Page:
BIRACHI, India — A group of women in their 40s, dressed in black headscarves and black head coverings, gathered on the steps of a local government building to discuss the new hijab law in the city of Bhagalpur.
Their voices rose and fell.
They called for a moratorium on wearing the hijab, saying it would “silence” women.
They were also calling for the elimination of gender-based discrimination and called for the ban of the head cover-and-scarf, which they said is an expression of “blackness” and “black identity.”
The group also called for all women to have the right to choose what their body will be, and called on women to be more vocal about their issues and be more involved in public life.
“The hijab is a form of resistance,” said Shabana, a woman in her 40s.
“We wear it to protect ourselves.
We don’t wear it because we want to protect our heads.
We wear it for our bodies.”
The law, which took effect on May 1, requires women in the Muslim-majority city of 2.7 million to wear the hijab at all times, and bans the wearing of the hijab in public spaces.
Women who refuse to comply will face a fine of up to $5,000 and imprisonment for up to three months.
The ban has been criticized by human rights groups and activists who say it discriminates against women.
“It’s not the hijab that’s the problem.
The problem is that there’s a veil, which is a barrier to women’s freedom,” said Bollywood actress, singer and activist Kunal Bahl, who was one of the women who protested the new law.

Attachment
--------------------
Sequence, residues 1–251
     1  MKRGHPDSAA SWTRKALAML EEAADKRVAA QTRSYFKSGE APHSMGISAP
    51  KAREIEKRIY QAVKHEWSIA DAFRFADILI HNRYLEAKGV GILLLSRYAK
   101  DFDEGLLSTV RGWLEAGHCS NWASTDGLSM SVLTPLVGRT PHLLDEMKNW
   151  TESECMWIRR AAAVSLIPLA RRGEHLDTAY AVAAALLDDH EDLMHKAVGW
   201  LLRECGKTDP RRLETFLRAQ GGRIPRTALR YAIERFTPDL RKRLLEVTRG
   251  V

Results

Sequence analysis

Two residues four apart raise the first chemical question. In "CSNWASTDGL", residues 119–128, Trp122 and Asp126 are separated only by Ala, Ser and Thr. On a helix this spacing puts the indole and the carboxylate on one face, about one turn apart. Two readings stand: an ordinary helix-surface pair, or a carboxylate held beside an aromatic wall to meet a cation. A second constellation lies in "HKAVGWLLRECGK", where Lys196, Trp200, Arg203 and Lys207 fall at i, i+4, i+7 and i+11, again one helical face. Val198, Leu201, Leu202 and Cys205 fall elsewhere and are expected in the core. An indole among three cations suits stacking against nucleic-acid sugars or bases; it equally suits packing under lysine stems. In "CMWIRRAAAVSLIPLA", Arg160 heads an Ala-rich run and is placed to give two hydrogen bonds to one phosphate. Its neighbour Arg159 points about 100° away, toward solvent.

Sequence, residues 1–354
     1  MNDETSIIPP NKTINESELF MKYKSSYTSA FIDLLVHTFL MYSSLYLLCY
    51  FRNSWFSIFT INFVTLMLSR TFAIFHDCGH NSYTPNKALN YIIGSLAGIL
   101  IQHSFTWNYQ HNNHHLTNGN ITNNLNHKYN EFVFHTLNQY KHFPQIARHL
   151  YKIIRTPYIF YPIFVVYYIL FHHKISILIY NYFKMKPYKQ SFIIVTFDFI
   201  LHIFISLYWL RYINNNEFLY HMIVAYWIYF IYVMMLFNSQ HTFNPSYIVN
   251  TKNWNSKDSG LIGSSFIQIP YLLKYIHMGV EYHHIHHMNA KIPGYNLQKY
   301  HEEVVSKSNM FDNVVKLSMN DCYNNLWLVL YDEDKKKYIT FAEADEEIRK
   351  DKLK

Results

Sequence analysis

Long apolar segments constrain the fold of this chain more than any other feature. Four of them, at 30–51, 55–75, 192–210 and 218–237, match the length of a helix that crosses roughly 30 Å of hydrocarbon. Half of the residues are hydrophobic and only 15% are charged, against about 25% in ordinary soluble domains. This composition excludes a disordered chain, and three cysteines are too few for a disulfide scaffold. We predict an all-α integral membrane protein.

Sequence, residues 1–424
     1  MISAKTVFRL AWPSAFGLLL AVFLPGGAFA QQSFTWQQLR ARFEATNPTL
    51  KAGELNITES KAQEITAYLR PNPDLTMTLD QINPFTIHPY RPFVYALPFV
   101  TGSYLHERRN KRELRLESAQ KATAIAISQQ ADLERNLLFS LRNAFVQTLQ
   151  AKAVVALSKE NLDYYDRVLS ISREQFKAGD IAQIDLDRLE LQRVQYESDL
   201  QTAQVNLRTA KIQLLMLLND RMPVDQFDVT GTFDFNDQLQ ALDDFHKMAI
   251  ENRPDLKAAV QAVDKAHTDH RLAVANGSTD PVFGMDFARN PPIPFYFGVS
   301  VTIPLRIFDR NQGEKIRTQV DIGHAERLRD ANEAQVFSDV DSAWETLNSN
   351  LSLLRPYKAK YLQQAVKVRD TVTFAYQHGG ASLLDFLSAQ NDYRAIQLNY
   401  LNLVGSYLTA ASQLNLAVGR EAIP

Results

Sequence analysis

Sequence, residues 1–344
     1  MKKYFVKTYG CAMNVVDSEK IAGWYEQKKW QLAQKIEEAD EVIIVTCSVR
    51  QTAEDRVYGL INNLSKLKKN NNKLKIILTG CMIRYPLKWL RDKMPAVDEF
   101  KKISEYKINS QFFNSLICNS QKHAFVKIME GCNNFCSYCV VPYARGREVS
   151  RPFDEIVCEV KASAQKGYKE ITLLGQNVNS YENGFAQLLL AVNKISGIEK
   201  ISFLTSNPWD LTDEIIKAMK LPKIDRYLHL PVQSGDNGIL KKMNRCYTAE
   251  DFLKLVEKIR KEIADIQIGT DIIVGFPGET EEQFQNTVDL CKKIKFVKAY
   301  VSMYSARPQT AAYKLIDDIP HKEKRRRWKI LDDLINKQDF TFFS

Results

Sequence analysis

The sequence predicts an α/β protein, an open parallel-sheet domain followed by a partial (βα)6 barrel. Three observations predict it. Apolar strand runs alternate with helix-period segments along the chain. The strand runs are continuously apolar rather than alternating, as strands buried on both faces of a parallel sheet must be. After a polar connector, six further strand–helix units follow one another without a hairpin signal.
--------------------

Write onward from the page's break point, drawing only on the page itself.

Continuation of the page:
Bahl, whose real name is Shabanna, said the hijab is an issue for many women because they’re constantly being told they have to wear it, especially in a country where women are rarely allowed to express themselves openly.
“I think it’s a sign of ignorance.
The hijab is just a veil for the head,” Bahl said.
“Women are being told that they can’t be themselves without it.
We have to put a veil on.”
Bahl said she believes the new laws in Bhagadpur and other cities across India are an example of how society treats women.
She said that women in India are often expected to dress as a certain gender, even though they are not allowed to.
“There are laws that prohibit women from wearing skirts, and in the past women were required to cover their hair, but they weren’t allowed to wear a headscarf,” Bahla said.
Bahlan, a mother of two, said that the women in Bhakalpur were not just protesting, but also seeking equality.
“They want us to dress like them.
We want to wear their headscarfs, too,” Bahlan said.
Bahlan added that they wanted to show that the headscarftis are not just for men, but women.
Bhangra was born in a small village in Bihar, and grew up in the southern Indian state of Bihar.
She said that her family was not allowed by the government to enter the village for the last three years.
She went on to study in the U.K., where she is now a British-born citizen.
Bhangra’s father, who lives in a different village, is an alcoholic, and her mother is a widow.
“My mother is anorexic, and she’s not allowed outside of the house,” Bhangra said.
She added that she feels unsafe in her own village because her mother doesn’t have a job.
“She keeps herself in a wheelchair and has to go to the local health center every day.
She has to take two taxis to get to her home every day,” she said.
When the women arrived at the meeting, one of them said, “I think you should just take the headcover off.”
Bhagalpuri is one of three Muslim-dominated areas of Uttar Pradesh, which has been rocked by a string of terror attacks in recent years.
Earlier this month, a Hindu man allegedly stabbed a Muslim woman to death.
Police say that a case has been registered against the suspect and the death is being treated as a homicide.